The Beauty of the Moment
The Beauty of the Moment
Here’s the thing about bad grades: You can run from them, but you can’t hide them from your parents. Or at least not if your parents are like mine.
The next afternoon, I find Amma and Appa sitting on the couch. Together, I note, for the first time since their talk about separating. They are also glaring at me, which, in my experience, foreshadows an ambush.
“What is it?” I ask. “What did I do?”
“What didn’t you do is what I’d like to know,” Amma begins, and then clamps her mouth shut when Appa places a hand on her shoulder.
He’s touching her. And she’s letting him. This must be serious.
“Susan, your mother found a recent physics lab of yours,” he tells me in the Doctor Voice. “The one in which you—”
“You know about the C-plus.” I should have ripped the paper to shreds instead of stuffing it in my bedroom drawer.
My father frowns. “Don’t act flippant with me, young lady. Your mother was so shocked that she called the school and asked to speak to your teacher, Mr. Franklin. He said you had a good sense of the theory and the problem sets, but your lab work is weak—has been weak since the beginning of the semester. Why didn’t you tell us you were having problems?”
Because I’m not supposed to have problems with academics. Because I thought I could figure things out without involving either one of you. Because I was afraid of seeing these exact expressions on your faces.
I don’t put my jumbled thoughts into words. I’m not a smooth talker on my best of days, and today my insides feel like a giant knotted mess.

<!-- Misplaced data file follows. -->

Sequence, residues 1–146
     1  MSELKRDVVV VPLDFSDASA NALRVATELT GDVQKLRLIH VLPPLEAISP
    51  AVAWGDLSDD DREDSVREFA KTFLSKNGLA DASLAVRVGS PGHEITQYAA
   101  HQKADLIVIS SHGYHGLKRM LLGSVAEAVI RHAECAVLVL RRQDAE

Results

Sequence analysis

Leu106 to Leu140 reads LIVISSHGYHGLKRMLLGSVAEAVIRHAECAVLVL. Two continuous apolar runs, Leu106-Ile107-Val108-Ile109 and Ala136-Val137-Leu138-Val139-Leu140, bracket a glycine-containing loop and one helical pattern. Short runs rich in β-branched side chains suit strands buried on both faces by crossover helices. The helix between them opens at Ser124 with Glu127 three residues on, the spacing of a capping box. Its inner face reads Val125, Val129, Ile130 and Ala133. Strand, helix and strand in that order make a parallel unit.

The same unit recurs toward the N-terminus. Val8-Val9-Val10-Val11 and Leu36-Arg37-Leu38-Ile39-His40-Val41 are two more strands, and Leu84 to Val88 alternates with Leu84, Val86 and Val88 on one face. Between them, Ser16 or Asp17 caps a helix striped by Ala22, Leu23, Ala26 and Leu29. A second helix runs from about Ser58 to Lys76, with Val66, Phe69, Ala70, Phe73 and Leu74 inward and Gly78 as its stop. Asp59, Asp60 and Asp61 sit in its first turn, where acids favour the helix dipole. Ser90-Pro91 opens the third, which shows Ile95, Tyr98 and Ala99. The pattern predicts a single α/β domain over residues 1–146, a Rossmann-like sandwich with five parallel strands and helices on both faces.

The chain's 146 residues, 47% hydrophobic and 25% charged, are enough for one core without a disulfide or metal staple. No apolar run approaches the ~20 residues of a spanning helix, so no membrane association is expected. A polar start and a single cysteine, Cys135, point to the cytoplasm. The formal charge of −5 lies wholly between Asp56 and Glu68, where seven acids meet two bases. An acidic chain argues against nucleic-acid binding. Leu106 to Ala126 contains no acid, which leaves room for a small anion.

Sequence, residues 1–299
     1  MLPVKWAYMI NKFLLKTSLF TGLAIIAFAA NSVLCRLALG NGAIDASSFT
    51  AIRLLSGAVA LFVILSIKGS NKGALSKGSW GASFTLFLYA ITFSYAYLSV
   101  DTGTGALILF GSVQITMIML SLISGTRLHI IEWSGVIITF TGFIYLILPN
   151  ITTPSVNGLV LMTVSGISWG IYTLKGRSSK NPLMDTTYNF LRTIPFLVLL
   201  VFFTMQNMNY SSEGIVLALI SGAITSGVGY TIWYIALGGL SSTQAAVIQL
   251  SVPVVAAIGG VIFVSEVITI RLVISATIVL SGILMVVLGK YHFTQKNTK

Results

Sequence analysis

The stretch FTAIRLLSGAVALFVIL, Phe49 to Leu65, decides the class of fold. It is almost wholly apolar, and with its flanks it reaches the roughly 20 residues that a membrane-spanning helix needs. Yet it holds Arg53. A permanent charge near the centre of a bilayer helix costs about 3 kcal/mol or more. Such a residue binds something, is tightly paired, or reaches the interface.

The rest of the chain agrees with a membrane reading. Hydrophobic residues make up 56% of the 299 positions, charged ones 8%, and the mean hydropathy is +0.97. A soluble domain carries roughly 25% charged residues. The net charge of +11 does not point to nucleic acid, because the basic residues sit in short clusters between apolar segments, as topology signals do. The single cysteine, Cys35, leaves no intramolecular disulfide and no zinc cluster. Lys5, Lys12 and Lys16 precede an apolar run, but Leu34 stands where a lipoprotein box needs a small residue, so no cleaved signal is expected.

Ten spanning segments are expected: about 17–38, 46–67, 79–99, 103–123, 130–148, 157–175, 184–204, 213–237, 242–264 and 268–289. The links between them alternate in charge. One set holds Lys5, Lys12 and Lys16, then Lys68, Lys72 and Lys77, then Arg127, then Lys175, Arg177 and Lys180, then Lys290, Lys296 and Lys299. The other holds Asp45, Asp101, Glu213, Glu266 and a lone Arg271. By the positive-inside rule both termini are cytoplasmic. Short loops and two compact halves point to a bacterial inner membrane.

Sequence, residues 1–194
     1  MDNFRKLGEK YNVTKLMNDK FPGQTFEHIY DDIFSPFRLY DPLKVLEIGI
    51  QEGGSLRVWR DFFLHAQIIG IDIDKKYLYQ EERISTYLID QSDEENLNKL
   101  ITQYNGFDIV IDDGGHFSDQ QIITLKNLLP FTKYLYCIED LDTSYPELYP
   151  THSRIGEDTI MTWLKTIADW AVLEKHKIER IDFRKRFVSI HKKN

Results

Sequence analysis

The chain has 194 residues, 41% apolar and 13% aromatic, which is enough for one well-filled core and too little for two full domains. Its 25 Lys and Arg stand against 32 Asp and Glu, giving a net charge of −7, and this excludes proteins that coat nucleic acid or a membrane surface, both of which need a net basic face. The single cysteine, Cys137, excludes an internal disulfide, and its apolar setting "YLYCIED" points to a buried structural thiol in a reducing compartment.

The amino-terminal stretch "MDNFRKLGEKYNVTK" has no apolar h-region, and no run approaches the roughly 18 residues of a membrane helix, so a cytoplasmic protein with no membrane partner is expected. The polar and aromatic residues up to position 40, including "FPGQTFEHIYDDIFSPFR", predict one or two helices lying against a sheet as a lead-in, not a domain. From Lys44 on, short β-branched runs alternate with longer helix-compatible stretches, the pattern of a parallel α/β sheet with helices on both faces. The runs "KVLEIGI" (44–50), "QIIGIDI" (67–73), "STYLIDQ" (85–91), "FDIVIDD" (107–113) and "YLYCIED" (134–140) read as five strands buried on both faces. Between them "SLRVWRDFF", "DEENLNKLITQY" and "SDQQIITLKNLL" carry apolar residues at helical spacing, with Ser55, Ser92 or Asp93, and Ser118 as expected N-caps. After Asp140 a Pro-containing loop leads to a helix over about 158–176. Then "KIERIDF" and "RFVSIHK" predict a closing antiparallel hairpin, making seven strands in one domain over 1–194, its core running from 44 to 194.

“At this rate, you’ll probably only qualify for advanced admission into general science at university.” Appa’s tone makes the BSc program sound mediocre. “Medicine or engineering are out of the question.”
“Now that would put your plans in a fix, wouldn’t it?” The words spill from my mouth, taste like coffee grounds.
“All your plans—your grand plans”—I sprinkle imaginary stardust in the air—“to make me a doctor or engineer or everything I don’t and never have wanted to be, are going down the toilet, right, Amma, Appa? Just like your marriage.”
“How dare you—” Amma begins.
“How dare I what—exist? Isn’t that what you told Ammachi in your letter, Amma? The one where you said you didn’t want to get pregnant in the first place?”
My mother’s mouth falls open. For the first time, nothing emerges from it.
“And you.” I turn to my father who looks like he has never seen me before. “You never wanted us either, did you? We interfered with your plans to get with your nurse, so you sent us both away.”
“Suzy, it wasn’t like that. Please listen—”
But I don’t want to listen to my parents anymore. I leave them both making excuses to the air and lock myself in my bedroom.
Susan Thomas has recently immigrated to Toronto from Jeddah, Saudi Arabia. She is the new girl in school, academically inclined and driven. Her parents have instilled in her the belief that her studies should always come first, before friends and hobbies. Susan’s parents want her to be a doctor or engineer; however, her true passion is drawing. If she weren’t so afraid of her parents’ disapproval, she would prefer to follow her dreams of being an artist. Her parents never fail to remind her of all that they have sacrificed for her to live and go to school in Canada.
Malcolm has a bit of a reputation. His mom died of cancer when he was 15, and he has been known for causing trouble since then. His home life is messy—he lives with his younger sister, his abusive and distant father, and his stepmother, for whom there is no love lost.